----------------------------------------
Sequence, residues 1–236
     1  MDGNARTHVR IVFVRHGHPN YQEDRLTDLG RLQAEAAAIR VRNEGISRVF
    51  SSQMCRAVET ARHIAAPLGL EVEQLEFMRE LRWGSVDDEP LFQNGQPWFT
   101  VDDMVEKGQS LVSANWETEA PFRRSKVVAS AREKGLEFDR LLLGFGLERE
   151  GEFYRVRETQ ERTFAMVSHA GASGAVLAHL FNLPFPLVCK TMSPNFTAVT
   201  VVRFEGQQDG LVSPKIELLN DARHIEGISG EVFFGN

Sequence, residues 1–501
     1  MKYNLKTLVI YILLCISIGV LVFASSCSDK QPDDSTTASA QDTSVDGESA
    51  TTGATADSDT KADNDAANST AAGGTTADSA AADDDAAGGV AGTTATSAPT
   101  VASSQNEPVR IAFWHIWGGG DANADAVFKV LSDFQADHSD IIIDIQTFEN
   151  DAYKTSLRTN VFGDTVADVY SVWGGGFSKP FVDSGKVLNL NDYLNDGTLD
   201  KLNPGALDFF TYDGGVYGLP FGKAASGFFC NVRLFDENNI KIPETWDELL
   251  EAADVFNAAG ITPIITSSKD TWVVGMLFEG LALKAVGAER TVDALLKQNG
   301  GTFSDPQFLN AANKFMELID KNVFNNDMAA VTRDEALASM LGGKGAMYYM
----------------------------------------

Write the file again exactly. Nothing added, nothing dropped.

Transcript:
Sequence, residues 1–236
     1  MDGNARTHVR IVFVRHGHPN YQEDRLTDLG RLQAEAAAIR VRNEGISRVF
    51  SSQMCRAVET ARHIAAPLGL EVEQLEFMRE LRWGSVDDEP LFQNGQPWFT
   101  VDDMVEKGQS LVSANWETEA PFRRSKVVAS AREKGLEFDR LLLGFGLERE
   151  GEFYRVRETQ ERTFAMVSHA GASGAVLAHL FNLPFPLVCK TMSPNFTAVT
   201  VVRFEGQQDG LVSPKIELLN DARHIEGISG EVFFGN

Sequence, residues 1–501
     1  MKYNLKTLVI YILLCISIGV LVFASSCSDK QPDDSTTASA QDTSVDGESA
    51  TTGATADSDT KADNDAANST AAGGTTADSA AADDDAAGGV AGTTATSAPT
   101  VASSQNEPVR IAFWHIWGGG DANADAVFKV LSDFQADHSD IIIDIQTFEN
   151  DAYKTSLRTN VFGDTVADVY SVWGGGFSKP FVDSGKVLNL NDYLNDGTLD
   201  KLNPGALDFF TYDGGVYGLP FGKAASGFFC NVRLFDENNI KIPETWDELL
   251  EAADVFNAAG ITPIITSSKD TWVVGMLFEG LALKAVGAER TVDALLKQNG
   301  GTFSDPQFLN AANKFMELID KNVFNNDMAA VTRDEALASM LGGKGAMYYM